More in the tank

Tim Brown
Yahoo! Sports

LOS ANGELES – What David Wells was doing here, exactly, all doughy and fearless and pitching the Los Angeles Dodgers back into something like playoff contention, having been dumped and delivered again into times of consequence, well, it can only be a baseball thing.

He is 44 years old with a spirit going on 19 and a body going on fumes.

But he was laughing and pushing back his cap, the one with on the front, and saying he'd wake up Friday morning, cut out Thursday night's box score and place it alongside his first major-league start. That was a loss, but it was against the New York Yankees and his idol, Ron Guidry, and so it was more than special.

"That little piece of paper," he said, "means a lot to me."

His right fielder that night was Jesse Barfield and his designated-hitter was Cecil Fielder, 20 years and three months enough time for the big-league arrival and settling in of their sons.

It had taken most of Josh Barfield and Prince Fielder's lives for Wells to have his first two-hit game. Around that, he pitched like he never left his prime.

"I'm pretty sexy right now, I feel," Wells said, his olive T-shirt stretched and smeared across his torso. "Tomorrow's another day. I'll probably feel like (dirt) tomorrow. But, tonight I feel sexy."

He nearly quit a little more than a week ago in Chicago, when his fastball lacked direction and his curveball got all fussy, and maybe it crossed his mind that the San Diego Padres weren't so short-sighted to have let him go.

Rick Honeycutt, the Dodgers coach who himself pitched nearly to his 43rd birthday, talked him into one more game of catch, two left-handers letting it go in the outfield at Wrigley Field, throwing, talking, throwing.

"A lot of stuff goes through your mind," Wells said.

Then, the ball left his hand OK. Then it did it again.

"There were just some things," Honeycutt said. "There was not a lot of conversation or talk about mechanics, other than to let him talk."

They eventually got to tightening his cutter some, sharpening his curve, getting his body out of the way so his arm would swing free.

A couple days later, Wells pitched seven innings and won a game in San Francisco. And Thursday night at Dodger Stadium, alternating innings with Greg Maddux, living to a big-game reputation and a new white uniform, Wells beat the Padres with five brilliant innings and one ratty one. He'd brought the Dodgers, who won 6-3, to within 1 1/2 games of the sagging Padres, to a place of anticipation and energy, helping to enliven their final 2 1/2 weeks.

Yeah, it's James Loney, too. And it's Rafael Furcal. And it's Matt Kemp. And they're even cheering Juan Pierre occasionally in L.A.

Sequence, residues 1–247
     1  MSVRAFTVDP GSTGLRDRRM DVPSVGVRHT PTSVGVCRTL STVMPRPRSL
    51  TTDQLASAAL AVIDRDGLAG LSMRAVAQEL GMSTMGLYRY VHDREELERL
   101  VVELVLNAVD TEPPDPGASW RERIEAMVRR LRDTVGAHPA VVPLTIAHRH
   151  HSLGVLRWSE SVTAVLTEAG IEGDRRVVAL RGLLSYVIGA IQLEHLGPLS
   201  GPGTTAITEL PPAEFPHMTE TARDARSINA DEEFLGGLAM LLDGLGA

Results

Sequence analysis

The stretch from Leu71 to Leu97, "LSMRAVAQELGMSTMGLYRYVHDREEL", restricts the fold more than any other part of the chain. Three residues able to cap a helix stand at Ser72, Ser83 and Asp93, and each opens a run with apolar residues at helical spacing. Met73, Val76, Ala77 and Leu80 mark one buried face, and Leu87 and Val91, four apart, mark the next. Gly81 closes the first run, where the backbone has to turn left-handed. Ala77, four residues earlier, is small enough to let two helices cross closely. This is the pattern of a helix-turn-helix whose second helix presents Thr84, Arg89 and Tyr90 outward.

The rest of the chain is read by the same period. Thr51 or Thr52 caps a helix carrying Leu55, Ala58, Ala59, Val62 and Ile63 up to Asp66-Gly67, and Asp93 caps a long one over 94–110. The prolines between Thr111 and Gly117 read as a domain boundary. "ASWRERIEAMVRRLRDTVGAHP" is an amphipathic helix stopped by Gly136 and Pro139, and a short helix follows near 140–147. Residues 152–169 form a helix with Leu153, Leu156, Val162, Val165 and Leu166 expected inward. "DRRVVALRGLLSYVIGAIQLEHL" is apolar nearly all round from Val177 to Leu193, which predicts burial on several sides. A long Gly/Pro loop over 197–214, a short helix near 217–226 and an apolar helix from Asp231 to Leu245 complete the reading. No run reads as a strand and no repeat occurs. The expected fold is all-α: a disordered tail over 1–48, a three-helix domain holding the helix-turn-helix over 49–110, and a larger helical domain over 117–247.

What the Dodgers needed, though, was a pitcher who'd stand in the gale of their horrible August, take the ball and, really, not give a damn. Just, you know, let it go.

Only five weeks ago, the Padres had had enough of Wells. He'd become a drag on their playoff hopes, his fastball straining to reach the mid-80s and his location choppy, each start draining their checking account by $175,000. In his final four starts there, he'd allowed seven runs in three different starts and five in the other.

So, the Dodgers found him three weeks into retirement. In four starts he has won three games and, with any luck, would have won the fourth.

Ned Colletti already has gotten his time and money's worth, and maybe four starts is what ol' Boomer Wells had left. But, dressed in his slacker gear and reliving the game in his slacker pose, Wells said he would give another season some thought, maybe push onward, see what a team might pay a middle-aged left-hander who might have the ability to pitch a little and, what do you know, mix in a couple hits.

Against the Padres, who generally don't do much offensively anyway, he flicked at the strike zone, stayed an inch or so off the barrels of their bats, and watched hopefully as Dodgers outfielders circled on the warning track. He allowed a single in the first five innings, when he also ran the bases twice, and lost his touch in the sixth, when the Padres scored three times on two home runs.

When the field was no longer big enough to hold Wells, he was done. He'd gone eight outs further than Maddux, who hadn't lost since early August. He'd whipped the team that had given him up for old and finished.

This was neither the David Wells the Padres remembered nor the Greg Maddux the Padres require. They've lost six of eight. In 10 days, they've lost their lead in the NL West and their comfortable margin in the wild-card race.

In the other clubhouse, Wells put his hands behind his head. This wasn't supposed to happen, he knew. But, these things happen, especially in baseball and occasionally in September.

"I didn't give up on myself," he said. "They gave up on me. Maybe they're having second thoughts on it. I hope so."

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